twitter. facebook. youtube. wikipedia.
all of those sites and organizations have something in common: they’re all in the top 10 in website traffic in terms of monthly visitors. they also have something else in common: none of them started out as an idea to make money.
there was no business plan behind twitter on how the founders were going to turn a profit through selling ads or a subscription. they were a group of college friends who just wanted a way to share what they were doing with each other. zuckerberg was drunk in his dorm room one night when he launched facebook. and jimmy wales had an idea for a better encyclopedia anyone could access for free which had more current information than the heavily curated bookshelf versions.
so why do you insist that your business only go after the ideas that have a high ROI you can measure today? instead, shape the markets of tomorrow.
if not you, someone else will.
as people and organizations, we all have limits to what we can do and things we merely prefer not to do. it’s our safe zone. it’s comfortable and we know it and it’s never surprising. we can anticipate what we’ll find and how we can expect to deal with it.
but growth happens in the spaces outside of our limits. when we choose to do and be what we’ve refused before, we become better versions of ourselves. more experienced and wiser about our surroundings. by pushing into these spaces we begin to find where our limits truly lie.
it’s foreign and unnatural to us. it brings with it an inherent risk. but you’ll find that the uncomfortable spaces are where the important work gets done. the question then looks more like this: do you want to keep living the same life, or do you want to become something greater?
let’s do some important work together.
“fitting in is a short-term strategy that gets you nowhere; standing out is a long-term strategy that takes guts and produces results.” — seth godin
there will be opposition. there always is when you want to change something. but if you have the courage to be bold and the guts to stand up to criticism, you’ll find that you can make an impact. although it may not be the change you’re looking for, change will come.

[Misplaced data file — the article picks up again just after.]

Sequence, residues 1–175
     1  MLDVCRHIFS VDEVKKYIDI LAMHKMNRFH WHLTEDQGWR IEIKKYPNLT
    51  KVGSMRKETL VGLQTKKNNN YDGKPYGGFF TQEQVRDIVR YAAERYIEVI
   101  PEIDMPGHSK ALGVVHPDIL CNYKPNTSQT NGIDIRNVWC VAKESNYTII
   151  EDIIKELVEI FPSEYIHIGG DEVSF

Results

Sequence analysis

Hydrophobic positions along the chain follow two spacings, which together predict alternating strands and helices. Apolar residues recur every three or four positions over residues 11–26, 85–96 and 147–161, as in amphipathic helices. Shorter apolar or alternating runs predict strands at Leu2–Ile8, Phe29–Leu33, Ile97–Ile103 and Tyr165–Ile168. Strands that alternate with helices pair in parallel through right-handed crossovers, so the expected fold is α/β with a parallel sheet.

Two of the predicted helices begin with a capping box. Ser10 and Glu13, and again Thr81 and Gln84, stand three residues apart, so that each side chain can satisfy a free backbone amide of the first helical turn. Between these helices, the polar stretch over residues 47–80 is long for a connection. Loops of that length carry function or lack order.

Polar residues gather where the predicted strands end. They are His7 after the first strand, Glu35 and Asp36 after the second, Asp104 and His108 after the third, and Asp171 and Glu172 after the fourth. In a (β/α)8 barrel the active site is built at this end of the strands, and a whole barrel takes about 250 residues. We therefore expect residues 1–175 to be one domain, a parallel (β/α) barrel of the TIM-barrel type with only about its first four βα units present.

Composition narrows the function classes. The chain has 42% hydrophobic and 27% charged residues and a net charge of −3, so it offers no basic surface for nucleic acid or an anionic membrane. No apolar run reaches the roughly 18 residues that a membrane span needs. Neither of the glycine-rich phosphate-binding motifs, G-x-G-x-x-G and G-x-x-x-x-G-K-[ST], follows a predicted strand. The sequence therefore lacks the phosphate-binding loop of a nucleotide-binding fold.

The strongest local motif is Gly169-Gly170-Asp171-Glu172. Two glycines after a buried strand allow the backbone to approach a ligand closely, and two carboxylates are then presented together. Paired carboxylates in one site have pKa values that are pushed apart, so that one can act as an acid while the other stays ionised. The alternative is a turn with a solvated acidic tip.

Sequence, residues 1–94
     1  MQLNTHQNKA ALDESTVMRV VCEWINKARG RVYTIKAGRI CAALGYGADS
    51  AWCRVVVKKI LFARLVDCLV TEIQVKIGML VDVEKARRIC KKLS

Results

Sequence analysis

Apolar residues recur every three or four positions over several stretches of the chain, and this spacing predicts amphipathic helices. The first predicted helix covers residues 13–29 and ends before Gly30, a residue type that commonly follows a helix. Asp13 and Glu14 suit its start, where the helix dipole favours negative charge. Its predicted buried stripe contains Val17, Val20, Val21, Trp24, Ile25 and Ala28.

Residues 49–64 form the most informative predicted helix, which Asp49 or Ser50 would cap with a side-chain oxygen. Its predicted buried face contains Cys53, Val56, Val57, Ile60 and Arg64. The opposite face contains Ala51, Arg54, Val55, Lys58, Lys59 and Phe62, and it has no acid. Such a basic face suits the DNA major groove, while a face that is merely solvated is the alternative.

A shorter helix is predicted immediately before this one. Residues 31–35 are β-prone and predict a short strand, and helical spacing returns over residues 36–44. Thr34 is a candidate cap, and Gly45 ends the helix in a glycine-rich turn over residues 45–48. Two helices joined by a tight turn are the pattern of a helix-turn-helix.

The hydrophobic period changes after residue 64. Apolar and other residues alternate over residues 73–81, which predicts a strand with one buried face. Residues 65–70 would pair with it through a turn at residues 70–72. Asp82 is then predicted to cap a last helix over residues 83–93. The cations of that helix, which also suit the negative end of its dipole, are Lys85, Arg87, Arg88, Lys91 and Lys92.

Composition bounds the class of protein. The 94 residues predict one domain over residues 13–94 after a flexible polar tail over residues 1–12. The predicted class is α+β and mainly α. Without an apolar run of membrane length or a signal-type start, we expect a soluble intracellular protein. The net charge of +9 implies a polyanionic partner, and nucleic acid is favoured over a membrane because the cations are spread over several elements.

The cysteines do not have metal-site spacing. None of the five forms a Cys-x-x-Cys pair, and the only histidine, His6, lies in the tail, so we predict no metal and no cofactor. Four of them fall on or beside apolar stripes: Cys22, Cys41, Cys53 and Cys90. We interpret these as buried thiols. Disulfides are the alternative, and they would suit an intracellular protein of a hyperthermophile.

even if it’s a change inside yourself. a newer and better you.
there is an amazing amount of information coming out of the field of positive psychology surrounding the reasons why people do what they do. dan pink has one of the most popular TED talks and one of the canonical texts on the topic of motivation. the surprising truth is that rewards and monetary benefits actually have little to do with increasing performance. in fact, the opposite is true: rewards and benefits actually hinder performance.
to have a happy, healthy, and motivated workforce the members of your organization need to feel accomplished. that they are doing work that matters, doing work they enjoy (in a manner in which they want to do it), and reaching their full potential.
yet it seems that every part of management is designed to squash that intrinsic motivation. by the very nature of the management hierarchy, we are told that we are just the worker. we are told that we do not get to make the decisions, and therefore do not get to affect change. our role is to trust in management’s ability to lead the organization where it needs to go. impact? change? that’s not for us.
as we see from dan pink’s work and the work of so many others, this approach worked well for a different time and place. the problem, however, is that our world—and our economy—has moved well beyond that point. forget the post-industrial age, we’re living in a post-information age; we’re living in the idea age where creativity and art is king.
it’s time to modernize our approach to business and any organization that doesn’t risks losing out on the future. markets rise and fall, and organizations can navigate those waters fairly well. but once the future is lost? there is no recovering from that.
image by NHLFlyers, official twitter handle of the philadelphia flyers
when your favorite sports team finds issues to work on, they spend more time on it in practice.
powerplay numbers down? you can bet that your favorite hockey team is going to spend more time in the umbrella during practice.
not winning the battles along the boards? eat your wheatiesÂ and have yourself a powerbar before you hit the ice, because we’re doing nothing but 2-on-2′s for a solid 15 minutes down in the corners.
sloppy line changes in the second period? get ready to play a lot of dump and chase and listen for your line to be called.
i think we’ve got the individual training down pretty well in industry. we have one day training events to introduce people to new concepts. we have 2 and 3 day seminars to teach solid fundamentals of what makes a good consultant. we have week long “boot camps” for certification training and exams. but what about the rest of your team?